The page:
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DxO measures sensel SNR and concludes that a 70D (for example) only has 11.6 stops DR. Someone photographs a step wedge and sees 13 stops between black and white. The question is not "how exactly is it that a bye the eye DR rating gives a higher score than an engineering rating"? No, the question is "where did the engineering testing, model, or rating fail?"

And ironically enough it turns out that the DxO measurement didn't fail and that there is an explanation for the IR result, ACR applies hidden NR even with NR turned off, under the hood and IR used ACR and didn't test the actual RAW file itself.

4
Myths die hard, don't they.

The IR method has a lot more variables and they don't test RAW they test after conversion RAW with cooked in NR of various who knows what degrees (and that also explains how they manage to get this type of DR to actually measure higher than engineering DR measurements of the RAW file). So I don't particularly see how this method is better.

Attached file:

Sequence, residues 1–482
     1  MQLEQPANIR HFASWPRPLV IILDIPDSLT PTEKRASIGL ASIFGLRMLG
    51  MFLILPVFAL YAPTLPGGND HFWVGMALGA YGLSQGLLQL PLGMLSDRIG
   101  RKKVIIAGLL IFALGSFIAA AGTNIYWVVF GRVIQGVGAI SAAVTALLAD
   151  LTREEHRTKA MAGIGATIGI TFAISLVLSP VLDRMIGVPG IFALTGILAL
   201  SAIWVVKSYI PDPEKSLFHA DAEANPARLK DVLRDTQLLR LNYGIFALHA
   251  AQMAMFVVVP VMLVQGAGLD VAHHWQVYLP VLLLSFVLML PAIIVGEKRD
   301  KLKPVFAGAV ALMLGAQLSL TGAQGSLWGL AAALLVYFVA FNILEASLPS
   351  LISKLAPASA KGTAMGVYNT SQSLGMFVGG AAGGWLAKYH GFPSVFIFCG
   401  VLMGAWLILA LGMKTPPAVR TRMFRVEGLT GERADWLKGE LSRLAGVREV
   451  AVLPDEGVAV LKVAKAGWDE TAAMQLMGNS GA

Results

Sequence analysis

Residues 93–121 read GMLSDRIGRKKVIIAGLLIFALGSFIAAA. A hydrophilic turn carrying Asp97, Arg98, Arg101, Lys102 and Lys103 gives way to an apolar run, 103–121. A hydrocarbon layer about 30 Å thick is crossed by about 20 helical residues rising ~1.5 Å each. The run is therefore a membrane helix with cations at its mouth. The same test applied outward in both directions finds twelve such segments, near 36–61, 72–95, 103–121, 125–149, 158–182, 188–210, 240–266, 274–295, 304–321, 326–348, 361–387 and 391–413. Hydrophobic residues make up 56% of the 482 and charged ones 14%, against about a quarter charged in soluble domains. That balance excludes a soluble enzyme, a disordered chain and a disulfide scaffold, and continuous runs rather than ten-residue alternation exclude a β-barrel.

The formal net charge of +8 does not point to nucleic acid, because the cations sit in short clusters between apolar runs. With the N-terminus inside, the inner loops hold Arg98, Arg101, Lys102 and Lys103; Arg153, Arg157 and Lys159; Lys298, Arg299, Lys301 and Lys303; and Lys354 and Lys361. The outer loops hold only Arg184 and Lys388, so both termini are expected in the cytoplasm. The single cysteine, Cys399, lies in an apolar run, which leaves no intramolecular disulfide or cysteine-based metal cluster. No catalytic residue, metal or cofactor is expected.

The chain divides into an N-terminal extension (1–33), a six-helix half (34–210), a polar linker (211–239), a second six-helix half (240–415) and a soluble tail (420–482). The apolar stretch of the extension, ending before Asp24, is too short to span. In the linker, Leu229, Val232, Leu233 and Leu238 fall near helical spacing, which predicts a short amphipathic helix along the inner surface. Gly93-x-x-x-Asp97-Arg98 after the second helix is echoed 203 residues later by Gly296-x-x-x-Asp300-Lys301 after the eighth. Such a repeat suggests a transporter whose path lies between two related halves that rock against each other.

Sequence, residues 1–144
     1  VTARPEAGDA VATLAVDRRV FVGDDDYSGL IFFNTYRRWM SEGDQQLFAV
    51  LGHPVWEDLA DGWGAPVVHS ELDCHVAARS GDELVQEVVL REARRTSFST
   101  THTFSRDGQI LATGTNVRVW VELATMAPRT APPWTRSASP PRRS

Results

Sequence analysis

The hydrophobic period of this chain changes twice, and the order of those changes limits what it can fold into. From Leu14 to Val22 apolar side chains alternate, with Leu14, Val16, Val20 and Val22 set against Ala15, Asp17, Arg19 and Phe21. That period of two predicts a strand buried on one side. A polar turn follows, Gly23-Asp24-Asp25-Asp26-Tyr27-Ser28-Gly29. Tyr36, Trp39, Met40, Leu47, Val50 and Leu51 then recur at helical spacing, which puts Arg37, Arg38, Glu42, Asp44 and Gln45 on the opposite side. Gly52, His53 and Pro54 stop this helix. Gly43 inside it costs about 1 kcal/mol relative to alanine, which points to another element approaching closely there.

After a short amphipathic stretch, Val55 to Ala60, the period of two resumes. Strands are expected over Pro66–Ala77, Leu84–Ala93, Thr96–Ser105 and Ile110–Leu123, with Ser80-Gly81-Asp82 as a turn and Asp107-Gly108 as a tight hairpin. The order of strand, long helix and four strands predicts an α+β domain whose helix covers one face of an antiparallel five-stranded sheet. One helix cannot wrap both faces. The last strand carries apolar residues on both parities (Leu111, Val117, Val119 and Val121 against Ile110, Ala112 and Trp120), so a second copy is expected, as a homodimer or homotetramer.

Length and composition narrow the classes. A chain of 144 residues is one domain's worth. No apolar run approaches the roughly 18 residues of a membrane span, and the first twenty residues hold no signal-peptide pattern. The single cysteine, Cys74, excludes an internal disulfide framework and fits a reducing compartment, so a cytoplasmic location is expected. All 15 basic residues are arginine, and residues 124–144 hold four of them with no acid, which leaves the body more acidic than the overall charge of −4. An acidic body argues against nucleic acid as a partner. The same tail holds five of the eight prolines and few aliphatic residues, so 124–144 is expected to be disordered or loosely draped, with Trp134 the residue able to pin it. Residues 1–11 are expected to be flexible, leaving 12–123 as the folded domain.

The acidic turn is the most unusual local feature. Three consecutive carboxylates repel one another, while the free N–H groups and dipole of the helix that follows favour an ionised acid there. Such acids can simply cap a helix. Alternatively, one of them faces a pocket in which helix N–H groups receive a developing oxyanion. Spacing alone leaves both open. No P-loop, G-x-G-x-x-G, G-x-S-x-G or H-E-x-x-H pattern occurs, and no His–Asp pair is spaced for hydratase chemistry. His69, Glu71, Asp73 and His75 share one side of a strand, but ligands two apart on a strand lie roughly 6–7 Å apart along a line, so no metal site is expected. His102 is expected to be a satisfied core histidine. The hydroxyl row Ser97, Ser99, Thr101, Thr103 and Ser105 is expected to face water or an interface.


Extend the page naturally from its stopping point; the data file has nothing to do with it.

Anyway it's also convenient that you don't post this little part: "Like all recent Canon SLRs, the higher quality scores [of the 70D] are somewhat below average for a modern sensor. For example, the Nikon D7100 managed 10.1 f-stops at the highest quality level, almost 2 stops better."

5
"Photographic DR" would likely be less than DR measured this way, for a simple reason - we don't usually tolerate image detail that's near or at the noise floor.

DxO overstates DR for sensors with noise below their arbitrary threshold, and understates it for sensors with noise above their arbitrary threshold (especially in light of RAW conversion NR).

Perhaps more importantly, they're not measuring detail or steps in either case. If you photograph a step wedge with two cameras and one has slightly less noise in some of the otherwise pure black steps, DxO will count those as more DR! This is why when they "normalize" an image to 8 MP they report more DR.

It's silliness created by hardware nerds and not photographers. Someone needs to send DxO a few Ansel Adam's books.

Funny you mention Ansel Adams since I'd bet a lot of money that he'd be.... not on your side here.

6
I read the posts and I didn't see anything about clean HDMI out.  My thinking is that it should be a standard feature on the newer Canons.  At least it would give the user the ability to record at a higher quality if they want to do it.